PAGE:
Prevalence, clinical features and outcome of Camq-defined delirium among medical admissions to the Medical Emergency Ward of Mulago Hospital
Lukwago, Kawuzi Asuman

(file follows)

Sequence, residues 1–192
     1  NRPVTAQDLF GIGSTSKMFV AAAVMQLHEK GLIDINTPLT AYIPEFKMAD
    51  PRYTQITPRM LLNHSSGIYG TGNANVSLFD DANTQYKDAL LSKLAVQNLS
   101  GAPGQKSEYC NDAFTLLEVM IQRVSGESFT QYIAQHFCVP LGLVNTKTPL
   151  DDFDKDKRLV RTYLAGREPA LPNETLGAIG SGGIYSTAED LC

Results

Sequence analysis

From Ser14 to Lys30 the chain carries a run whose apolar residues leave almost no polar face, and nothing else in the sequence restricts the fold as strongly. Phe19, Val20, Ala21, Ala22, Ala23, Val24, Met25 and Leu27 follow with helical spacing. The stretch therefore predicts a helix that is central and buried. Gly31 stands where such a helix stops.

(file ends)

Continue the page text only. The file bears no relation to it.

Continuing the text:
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BACKGROUND: Delirium is a complex neuro-psychiatric syndrome with an acute onset and fluctuating course, which is a medical emergency associated with increased morbidity and mortality. Despite its common occurance, delirium has not been well studied in Ugandan settings. OBJECTIVES: The study aimed to determine the prevalence, clinical features and out come of CAMQ defined delirium among medical admissions to the Medical Emergency Ward of Mulago Hospital. METHODS: The design was a cross sectional descriptive study with an analytical and a prospective component. The setting was the Medical Emergency ward, and medical wards of Mulago Hospital, which is a national referral and a university teaching hospital. The patients comprised of consecutive samples of 316 medical admissions (aged ≥ 18 years) to the Medical Emergency ward of Mulago Hospital. Various measurements were done; on admission, respondents were assessed using the Confusion Assessment Method Questionnaire (CAMQ) to diagnose delirium, and the Delirium Rating Scale (DRS) to rate the severity of delirium. The DRS rated delirium severity on hospital days 1 to 7. Delirium outcome measures included total days of delirium, discharges, ran away, observed survival / mortality and transfer profiles of the delirious respondents. RESULTS: Of the 316 patients, 206 (65%) had CAMQ-defined delirium on admission. Full-syndromal delirium constituted 50% of the delirium respondents while 15% had sub-syndromal delirium. Most of their baseline sociodemographic variables, were similar between those with and without delirium (P≥ 0.05 for all), with exception of sex (p=0.002), source of referral from private clinics (p=0.047) and pre admission diagnoses like HIV (P=0.002), diabetes mellitus (p=0.038), hypertension (p=0.0012). There were significant differences between the delirium and delirium respondents on the findings of fever (p=0.002), confused behavior (p=0.002), body swelling (0.019) and loss of consciousness (p=0.001). Significant differences were noted for pre-admission medications including anti-TB drugs (p=0.048), anti-retroviral drugs (p=0.034) and the last time the drugs were used; 1-day (p=0.048), 3-days (p=0.016). There were also significant differences in observed behavioral change, (p=0.020), previous history of behavioral change (p ≤ 0.001), family history of psychiatric illness (p=0.048) and daily alcohol use or ex alcoholics (p=0.027 for each). There were no significant differences in most physical symptoms and diagnoses except for respiratory rate (p=0.005), raised JVP (P=0.004), stiff neck (p=0.001) and the diagnosis of Cryptococcal meningitis (p=0.019). On admission, the majority of delirium respondents belonged to the worst DRS score range (≥21-32) but this had improved by the fifth day. Death occurred among 44(21%) of the delirium respondents with 95% of the deaths occurring within the first 5 days and 80% occurring among those of ≤ 60 years. Overall, the first day probability of survival for delirium respondents was 95% but cumulatively declined to 74% by the sixth day of admission. CONCLUSIONS: There was a high prevalence rate (65%) of delirium among medical admissions to the Medical Emergency Ward of Mulago hospital. Delirium mainly affected young patients and these significantly differed from their non-delirium counterparts in many clinical features including symptoms of fever, confusion, alterations in consciousness, pre-admission medications, and diagnoses of TB, HIV and Cryptococcal meningitis. There was a high mortality rate of 21% among delirium patients even at the short duration or follow up of five days. Delirium should routinely be actively looked for and diagnosed among medical admissions and should always be managed as a medical emergency.